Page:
Business·Analysis

Does the economy need a helicopter rescue to escape COVID-19 disaster?: Don Pittis

What's known in economics circles as helicopter money, a theoretical way of injecting spending power directly to ordinary citizens, is getting serious attention as a cure for an economy badly sickened by COVID-19.

A controversial way of giving spending power to ordinary people is getting serious attention during crisis

Police officers in a helicopter patrol Copacabana Beach during the COVID-19 outbreak in Rio de Janeiro, Brazil, last weekend. (Ricardo Moraes/Reuters)

As the Canadian government and the U.S. central bank say they will do whatever it takes to get their economies back on track, some experts are recommending a long-discussed weapon.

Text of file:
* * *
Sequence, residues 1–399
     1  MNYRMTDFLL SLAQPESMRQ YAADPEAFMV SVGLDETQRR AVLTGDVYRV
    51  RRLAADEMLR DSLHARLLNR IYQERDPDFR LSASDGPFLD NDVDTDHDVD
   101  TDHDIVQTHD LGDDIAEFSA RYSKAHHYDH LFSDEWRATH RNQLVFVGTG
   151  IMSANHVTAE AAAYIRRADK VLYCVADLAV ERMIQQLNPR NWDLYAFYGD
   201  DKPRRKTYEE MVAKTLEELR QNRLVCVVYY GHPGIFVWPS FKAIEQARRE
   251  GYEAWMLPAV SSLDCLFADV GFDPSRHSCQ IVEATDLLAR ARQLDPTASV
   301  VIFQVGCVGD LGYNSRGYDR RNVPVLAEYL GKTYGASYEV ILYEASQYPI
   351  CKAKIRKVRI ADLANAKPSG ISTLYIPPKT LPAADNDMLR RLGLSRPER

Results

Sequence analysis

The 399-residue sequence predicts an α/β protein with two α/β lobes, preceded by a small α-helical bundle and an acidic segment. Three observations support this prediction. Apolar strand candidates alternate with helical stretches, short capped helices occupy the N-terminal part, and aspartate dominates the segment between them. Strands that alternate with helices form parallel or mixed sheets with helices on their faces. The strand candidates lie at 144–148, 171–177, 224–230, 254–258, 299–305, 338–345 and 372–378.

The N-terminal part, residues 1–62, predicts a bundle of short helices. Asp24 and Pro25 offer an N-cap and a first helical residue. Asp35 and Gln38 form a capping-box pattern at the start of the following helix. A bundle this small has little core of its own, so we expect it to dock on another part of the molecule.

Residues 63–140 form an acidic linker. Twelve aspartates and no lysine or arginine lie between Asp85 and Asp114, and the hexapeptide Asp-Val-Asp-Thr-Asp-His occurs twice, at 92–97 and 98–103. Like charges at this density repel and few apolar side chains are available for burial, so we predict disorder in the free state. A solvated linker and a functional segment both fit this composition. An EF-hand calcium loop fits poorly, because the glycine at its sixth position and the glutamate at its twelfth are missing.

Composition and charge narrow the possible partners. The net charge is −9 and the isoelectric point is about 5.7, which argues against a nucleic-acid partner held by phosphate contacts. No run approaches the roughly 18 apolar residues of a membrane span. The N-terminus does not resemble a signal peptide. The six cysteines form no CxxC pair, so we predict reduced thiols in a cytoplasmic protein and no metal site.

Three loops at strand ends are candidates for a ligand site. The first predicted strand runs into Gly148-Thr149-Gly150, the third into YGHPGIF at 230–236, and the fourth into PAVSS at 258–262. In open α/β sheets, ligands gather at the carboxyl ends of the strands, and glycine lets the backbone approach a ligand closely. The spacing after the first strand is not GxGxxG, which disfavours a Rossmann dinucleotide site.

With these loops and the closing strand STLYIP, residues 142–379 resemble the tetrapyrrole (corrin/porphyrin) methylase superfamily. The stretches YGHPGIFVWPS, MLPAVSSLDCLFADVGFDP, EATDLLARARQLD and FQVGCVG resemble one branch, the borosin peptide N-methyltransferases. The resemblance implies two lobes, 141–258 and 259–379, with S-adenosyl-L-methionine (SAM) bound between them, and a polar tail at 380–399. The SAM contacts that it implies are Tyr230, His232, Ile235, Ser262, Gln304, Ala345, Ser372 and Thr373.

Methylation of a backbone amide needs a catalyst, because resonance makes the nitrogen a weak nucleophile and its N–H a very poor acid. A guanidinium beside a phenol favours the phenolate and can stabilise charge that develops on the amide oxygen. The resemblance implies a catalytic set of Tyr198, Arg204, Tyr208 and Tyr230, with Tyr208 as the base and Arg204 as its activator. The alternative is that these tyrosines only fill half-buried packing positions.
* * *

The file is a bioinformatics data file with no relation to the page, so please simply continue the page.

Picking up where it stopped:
Known as helicopter money, the concept was proposed as a thought experiment by Nobel Prize-winning American economist Milton Friedman as an alternative to governments borrowing and spending to stimulate the economy.

With growing fears of a wider economic meltdown caused by the effects of the COVID-19 pandemic, economists are suddenly considering the helicopter option, though the subject remains controversial.

One of the many controversies is over the definition of exactly what helicopter money is and what it is not.

No actual helicopters needed

While no actual helicopters are used in the process, the one thing most economists agree on is that it involves the distribution of money into the economy in a way that boosts the spending power of ordinary citizens.

"Let us suppose now that one day a helicopter flies over this community and drops an additional $1,000 in bills from the sky, which is, of course, hastily collected by members of the community," Friedman famously proposed.